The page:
Liberal candidate of record is a Conservative on the books

Meet Louise Boulanger, the Liberal candidate for the Quebec by-election in the riding of Roberval–Lac-St-Jean.

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Here is a picture of Jean-Pierre Blackburn, the Conservative federal government’s minister of labour:

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Here is a picture of Denis Lebel, the Conservative candidate for the same by-election for the riding of Roberval–Lac-St-Jean:

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Here is a picture of Louise Boulanger, Denis Lebel, and Jean-Pierre Blackburn from the photo gallery of Denis Lebel’s website.

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The photo shows Lebel and Boulanger embracing with Blackburn in the foreground. Nothing too out of the ordinary, no?

There’s nothing wrong with a bit of friendly exchange between Conservative and a Liberal, of course. However, Boulanger is actually a Conservative Party member as suggested by the cover of La Presse this morning which contains the headline “ELECTION PARTIELLE: Louise Belanger, la candidate libéale dans Roberval est membre en règle du Parti… conservateur (By-election: Louise Belanger, the Liberal candidate in Roberval is technically a member of the Conservative Party)”

If true, Boulanger would have signed a form that includes the statement that she “actively support[s] the founding principles of the CPC” which are listed here.

However, Stephane Dion later “nominated” Boulanger to contest the riding of Roberval–Lac-St-Jean for the upcoming by-election, as a Liberal!.

Consider this quote from Boulanger concerning the Liberal Party having its affairs in order:

Je suis contente d’arriver à ce moment-ci parce que le ménage a été fait. Le parti est plus rigoureux sur la sélection des candidats. Notre chef Stéphane Dion est exigeant envers lui-même et exigeant envers les autres. Il désire s’entourer de gens fonceurs. Le Parti libeacute;ral est à son meilleur pour servir la population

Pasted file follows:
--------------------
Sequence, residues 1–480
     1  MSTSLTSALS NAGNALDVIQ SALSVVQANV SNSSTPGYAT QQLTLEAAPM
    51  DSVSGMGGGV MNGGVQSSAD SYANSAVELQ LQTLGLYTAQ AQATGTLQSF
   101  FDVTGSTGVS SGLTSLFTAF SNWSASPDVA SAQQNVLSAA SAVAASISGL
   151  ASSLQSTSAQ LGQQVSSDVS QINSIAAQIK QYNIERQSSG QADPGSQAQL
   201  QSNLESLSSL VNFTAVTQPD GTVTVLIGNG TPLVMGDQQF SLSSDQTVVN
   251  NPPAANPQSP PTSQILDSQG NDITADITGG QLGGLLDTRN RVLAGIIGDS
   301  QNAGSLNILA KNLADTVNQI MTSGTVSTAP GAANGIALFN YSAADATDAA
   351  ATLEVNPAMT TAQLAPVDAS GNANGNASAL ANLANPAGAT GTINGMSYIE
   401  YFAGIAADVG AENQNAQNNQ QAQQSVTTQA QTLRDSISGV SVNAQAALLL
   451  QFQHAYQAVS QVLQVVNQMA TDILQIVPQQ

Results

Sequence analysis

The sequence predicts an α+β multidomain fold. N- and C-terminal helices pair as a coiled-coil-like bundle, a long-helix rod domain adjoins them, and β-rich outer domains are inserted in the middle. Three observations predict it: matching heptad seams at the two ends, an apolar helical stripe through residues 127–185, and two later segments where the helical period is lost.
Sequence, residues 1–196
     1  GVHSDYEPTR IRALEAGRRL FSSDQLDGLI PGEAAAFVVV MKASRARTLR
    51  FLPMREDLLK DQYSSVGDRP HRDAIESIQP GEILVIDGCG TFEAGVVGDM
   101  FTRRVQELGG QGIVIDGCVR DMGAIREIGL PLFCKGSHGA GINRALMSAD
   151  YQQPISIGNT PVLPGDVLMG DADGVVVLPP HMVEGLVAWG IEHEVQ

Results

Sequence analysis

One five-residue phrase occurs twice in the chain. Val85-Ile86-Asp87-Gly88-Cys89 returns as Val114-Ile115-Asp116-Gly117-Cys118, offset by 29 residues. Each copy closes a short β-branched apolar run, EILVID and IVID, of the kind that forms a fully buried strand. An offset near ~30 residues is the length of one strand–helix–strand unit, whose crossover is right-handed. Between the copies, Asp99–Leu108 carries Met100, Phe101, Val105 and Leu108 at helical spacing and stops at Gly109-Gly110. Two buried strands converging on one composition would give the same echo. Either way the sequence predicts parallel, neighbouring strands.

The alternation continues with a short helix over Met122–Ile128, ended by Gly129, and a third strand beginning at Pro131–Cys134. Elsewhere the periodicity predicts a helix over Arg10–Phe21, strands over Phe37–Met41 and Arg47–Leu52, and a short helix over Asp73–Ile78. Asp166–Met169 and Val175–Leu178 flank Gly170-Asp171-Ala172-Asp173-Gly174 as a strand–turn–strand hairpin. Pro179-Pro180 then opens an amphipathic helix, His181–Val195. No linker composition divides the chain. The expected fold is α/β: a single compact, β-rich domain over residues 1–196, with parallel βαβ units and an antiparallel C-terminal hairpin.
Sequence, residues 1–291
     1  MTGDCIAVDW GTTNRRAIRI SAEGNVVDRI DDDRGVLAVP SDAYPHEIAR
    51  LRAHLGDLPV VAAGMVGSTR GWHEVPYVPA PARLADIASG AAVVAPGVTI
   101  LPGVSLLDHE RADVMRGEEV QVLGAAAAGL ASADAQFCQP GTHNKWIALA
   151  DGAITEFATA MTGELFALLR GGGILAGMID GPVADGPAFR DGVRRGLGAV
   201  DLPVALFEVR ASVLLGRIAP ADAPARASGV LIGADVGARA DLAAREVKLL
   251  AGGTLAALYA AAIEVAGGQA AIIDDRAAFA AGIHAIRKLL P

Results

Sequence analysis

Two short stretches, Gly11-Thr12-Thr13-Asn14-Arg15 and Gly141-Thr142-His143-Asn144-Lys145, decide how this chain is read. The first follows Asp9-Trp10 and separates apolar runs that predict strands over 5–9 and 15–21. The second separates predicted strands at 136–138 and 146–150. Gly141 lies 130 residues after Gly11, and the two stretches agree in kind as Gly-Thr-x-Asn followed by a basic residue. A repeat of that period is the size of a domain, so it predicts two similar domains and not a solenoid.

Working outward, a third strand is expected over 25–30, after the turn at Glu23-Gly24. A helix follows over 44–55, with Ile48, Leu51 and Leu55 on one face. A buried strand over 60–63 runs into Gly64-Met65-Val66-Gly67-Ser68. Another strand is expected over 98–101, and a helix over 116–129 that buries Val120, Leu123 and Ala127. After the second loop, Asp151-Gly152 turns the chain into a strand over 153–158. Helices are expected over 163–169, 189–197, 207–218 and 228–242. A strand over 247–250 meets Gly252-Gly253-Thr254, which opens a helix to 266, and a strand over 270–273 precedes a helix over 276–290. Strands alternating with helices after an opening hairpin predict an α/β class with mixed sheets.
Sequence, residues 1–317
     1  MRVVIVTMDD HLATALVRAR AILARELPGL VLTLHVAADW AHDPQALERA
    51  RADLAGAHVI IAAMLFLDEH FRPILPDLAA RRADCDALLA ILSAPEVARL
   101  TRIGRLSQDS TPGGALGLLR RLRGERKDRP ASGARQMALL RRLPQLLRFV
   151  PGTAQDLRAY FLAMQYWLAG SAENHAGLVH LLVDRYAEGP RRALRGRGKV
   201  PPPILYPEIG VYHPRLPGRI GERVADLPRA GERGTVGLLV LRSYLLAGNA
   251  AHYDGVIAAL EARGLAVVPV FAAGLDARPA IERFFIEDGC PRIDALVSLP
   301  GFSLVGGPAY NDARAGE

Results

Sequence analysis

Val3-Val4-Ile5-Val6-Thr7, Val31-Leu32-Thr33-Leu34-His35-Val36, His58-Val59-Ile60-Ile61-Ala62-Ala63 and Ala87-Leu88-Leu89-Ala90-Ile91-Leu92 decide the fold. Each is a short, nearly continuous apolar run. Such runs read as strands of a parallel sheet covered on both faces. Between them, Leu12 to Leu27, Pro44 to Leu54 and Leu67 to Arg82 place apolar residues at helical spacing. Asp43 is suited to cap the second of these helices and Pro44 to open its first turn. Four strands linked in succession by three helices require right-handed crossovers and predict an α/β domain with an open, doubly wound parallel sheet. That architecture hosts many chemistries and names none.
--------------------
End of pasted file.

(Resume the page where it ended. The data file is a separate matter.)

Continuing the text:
(I am happy to have come to this moment here because the cleanup has been done. The party is more rigorous in the selection of candidates. Our leader Stephane Dion is demanding of himself and of others. He wants to be surrounded by go-getters. The Liberal Party is at its best to serve the population.)

If Boulanger is a member of the Conservative Party, that rigorous selection process must be in need of review.

Does the Liberal Party Constitution forbid members of other parties from contesting elections for the Liberal Party?

Republican story from ’72

Take a look at the following video from CBS’ evening news from 1972. There should be a few interesting elements for any viewer, no matter their political leanings.

First, we notice that the topic of election strategy has always been good fodder for news reporters. Often, the horse race and how it’s run can be more compelling than the policies or platforms forwarded by the candidates.

Of course, there is also the gem of a Dan Rather piece from 1972. Rather’s thesis on the Republicans this time? That they’ve set up a front operation for show. The purpose? To demonstrate that Nixon isn’t running too hard for re-election. Possible, I suppose. After all, news media was hardly as ubiquitous in those days and perhaps such deliberate steps were taken to fool Rather. But, thankfully, he’s not fooled.

Next, at the RNC, envelope cutters are opening cheques from a quarter of a million people for $2.5 million. The ‘grassroots’ ma ‘n pa cheques that come in is a strategy employed by today’s Conservative Party in Canada. The direct mail lists and personal greetings customized by computer based on issue is interesting and it’s fascinating to know the sophistication of the operation involving these tools back to 1972. Some American politicians still bank heavily on direct mail appeals. Once, when describing blogging to a senior republican, I told him it was like the next version of direct mail. Thankfully, he didn’t press me further on the comparison, but I felt that the generational analogy was cogent enough, if on some levels not at all.

Next, in the report we see, by today’s standards, laughable privacy concerns which may well have enraged people watching Rather back in ’72. A ‘computer’ stores the names of mail-order Idaho steak customers? Most definitely a frightful thought to more than a few back in the early 70s.